The second film was of some controversy several months ago when it was announced that it had been "de-noised." Fans feared that it was going to be digitally scrubbed of all noise. Luckily, the film grain remains for the most. Some noise reduction has been applied due to the original negatives. While there is a scene here and there that appears slightly soft, the overall detail is impressive. Black levels are also not quite as consistent as with the first film. Still, shadow delineation remains strong. Both the first and second films retain excellent filmic video quality.
While the third and fourth films have good video quality they don't live up to their own potential. It is clear that not much effort went into restoring the final two films. Softness creeps up more often in these two and black levels fluctuate quite a bit. Still, they are leaps and bounds better than the standard DVD releases. They won't leave you stunned, but they are more than adequate for an alien anthology marathon.
While 5/5 goes to the first film, the second gets 4.5/5 and the final two films get 4/5 each.
Just as with the video quality, the audio qualities of the four films have also been substantially improved. Once again, the SD DVD release of the original film had some of the worst audio I have ever heard on a major theatrical release. ADR was incomprehensibly bad. Sync and duplicated lines were readily apparent. Dialogue consistently was buried behind loud production noises. Thankfully, all that has been rectified with the DTS-HD MA 5.1 track. The original 4.0 (4.1) track, a LCRS mix is also included in Dolby Digital format. However, there is no reason not to listen to the DTS-HD 5.1 audio track. The other three films also follow suit, with DTS-HD MA 5.1 audio tracks. The LFE is nicely used throughout the films. Dialogue suffers in the second and third films with some lines still buried amidst effects. Music is strongest in the first two films by the two best composers, Jerry Goldsmith and James Horner. Rear speaker activity comes and goes in terms of discreetness. However, the rear speakers are always engaged with enveloping ambience. Frequency response is better than I would have thought. However, there are some frequency phasing issues that are simply the result of the original surround mixes. The audio tracks are consistent to the point where if you sat and watched all four films in a row, it would almost sound like one long film. Individual scores are as follows: 4.5/5, 4.5/5, 4/5, 4.5/5.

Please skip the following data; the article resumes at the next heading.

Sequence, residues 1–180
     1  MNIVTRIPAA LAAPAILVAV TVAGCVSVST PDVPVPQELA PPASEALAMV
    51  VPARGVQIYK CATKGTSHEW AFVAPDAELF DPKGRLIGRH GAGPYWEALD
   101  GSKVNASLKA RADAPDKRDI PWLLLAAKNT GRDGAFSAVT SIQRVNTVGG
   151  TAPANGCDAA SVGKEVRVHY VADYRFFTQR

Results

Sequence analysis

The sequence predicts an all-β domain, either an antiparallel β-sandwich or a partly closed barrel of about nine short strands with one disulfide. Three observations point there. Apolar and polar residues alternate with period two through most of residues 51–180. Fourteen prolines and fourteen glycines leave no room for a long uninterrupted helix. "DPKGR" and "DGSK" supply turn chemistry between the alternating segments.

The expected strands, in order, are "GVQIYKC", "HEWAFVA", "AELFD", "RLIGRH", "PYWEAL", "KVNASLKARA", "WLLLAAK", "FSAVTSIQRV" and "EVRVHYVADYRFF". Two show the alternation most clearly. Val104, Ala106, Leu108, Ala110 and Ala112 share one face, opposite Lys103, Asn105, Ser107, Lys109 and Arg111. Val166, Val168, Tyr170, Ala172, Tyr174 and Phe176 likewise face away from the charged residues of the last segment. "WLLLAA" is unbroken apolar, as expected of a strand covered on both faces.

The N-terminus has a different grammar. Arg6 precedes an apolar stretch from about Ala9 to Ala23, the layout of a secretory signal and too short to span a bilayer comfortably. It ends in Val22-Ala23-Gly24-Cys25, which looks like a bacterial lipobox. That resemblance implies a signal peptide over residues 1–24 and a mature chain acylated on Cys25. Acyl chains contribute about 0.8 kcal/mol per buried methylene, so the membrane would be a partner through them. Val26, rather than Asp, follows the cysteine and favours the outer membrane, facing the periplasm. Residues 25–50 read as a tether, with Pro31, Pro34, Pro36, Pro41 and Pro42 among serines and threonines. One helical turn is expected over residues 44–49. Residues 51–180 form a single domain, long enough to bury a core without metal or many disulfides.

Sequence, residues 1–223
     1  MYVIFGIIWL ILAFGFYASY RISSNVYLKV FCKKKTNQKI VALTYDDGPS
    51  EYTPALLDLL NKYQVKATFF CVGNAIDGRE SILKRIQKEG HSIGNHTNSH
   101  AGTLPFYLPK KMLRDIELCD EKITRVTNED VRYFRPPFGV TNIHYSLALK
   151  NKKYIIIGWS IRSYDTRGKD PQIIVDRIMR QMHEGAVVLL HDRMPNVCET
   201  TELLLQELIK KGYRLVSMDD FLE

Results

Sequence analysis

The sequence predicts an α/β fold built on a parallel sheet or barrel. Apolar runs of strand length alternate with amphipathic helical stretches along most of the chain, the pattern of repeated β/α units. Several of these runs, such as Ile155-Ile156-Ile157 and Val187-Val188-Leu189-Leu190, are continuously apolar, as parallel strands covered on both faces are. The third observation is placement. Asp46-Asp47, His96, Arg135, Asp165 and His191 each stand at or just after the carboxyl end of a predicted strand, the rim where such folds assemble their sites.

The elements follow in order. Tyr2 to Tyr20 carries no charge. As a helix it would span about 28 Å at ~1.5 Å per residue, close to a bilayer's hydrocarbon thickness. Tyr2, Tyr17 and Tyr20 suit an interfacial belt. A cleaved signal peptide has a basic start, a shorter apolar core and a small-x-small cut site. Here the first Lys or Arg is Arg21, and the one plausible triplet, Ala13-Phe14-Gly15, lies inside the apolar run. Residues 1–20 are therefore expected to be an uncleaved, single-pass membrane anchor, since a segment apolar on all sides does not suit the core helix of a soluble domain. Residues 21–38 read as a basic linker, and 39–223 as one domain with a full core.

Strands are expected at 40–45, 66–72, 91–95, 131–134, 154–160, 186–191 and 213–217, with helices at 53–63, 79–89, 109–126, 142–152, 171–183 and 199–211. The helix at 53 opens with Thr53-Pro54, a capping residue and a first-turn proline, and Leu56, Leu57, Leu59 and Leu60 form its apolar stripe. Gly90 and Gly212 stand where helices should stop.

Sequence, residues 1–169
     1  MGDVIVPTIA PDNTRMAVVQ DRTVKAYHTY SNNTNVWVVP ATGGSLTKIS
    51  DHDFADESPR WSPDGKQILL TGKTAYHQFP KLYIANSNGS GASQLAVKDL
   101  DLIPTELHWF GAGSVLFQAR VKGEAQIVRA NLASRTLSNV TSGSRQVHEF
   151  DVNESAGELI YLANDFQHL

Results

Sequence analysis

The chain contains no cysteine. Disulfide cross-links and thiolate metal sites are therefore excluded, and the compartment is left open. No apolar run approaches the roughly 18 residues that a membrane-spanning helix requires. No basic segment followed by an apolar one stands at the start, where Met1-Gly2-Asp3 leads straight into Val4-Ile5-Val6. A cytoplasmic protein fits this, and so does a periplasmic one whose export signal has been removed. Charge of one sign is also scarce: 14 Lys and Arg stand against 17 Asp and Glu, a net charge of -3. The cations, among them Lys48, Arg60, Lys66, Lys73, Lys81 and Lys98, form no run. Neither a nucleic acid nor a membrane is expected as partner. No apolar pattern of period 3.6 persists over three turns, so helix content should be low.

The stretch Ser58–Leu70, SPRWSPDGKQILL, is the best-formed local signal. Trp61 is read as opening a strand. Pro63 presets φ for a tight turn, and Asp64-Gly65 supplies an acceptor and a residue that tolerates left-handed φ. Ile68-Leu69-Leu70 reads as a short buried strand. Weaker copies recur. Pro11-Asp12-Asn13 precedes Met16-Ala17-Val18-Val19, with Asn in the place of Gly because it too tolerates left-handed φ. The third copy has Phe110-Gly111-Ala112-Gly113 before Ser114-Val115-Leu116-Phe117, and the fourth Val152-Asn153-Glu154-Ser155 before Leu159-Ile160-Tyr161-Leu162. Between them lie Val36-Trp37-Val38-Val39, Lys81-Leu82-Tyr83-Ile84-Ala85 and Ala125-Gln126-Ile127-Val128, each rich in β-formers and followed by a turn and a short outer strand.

Now we come to the longest section ever…the special features. It is going to be impossible for me to go into detail about every single one of the bonus materials. There are roughly 60 hours of extra materials. This collection fits "definitive" more than any other film collection. A few notes. This is a 6-disc Blu-ray set. Four for the films and two for bonus materials. Each of the film discs contain both the theatrical version and the director's cut or special edition. The housing for the discs is a hardshell book that is comprised of cardboard stock card with slips for the discs. This book is housed in a fairly thick hard case.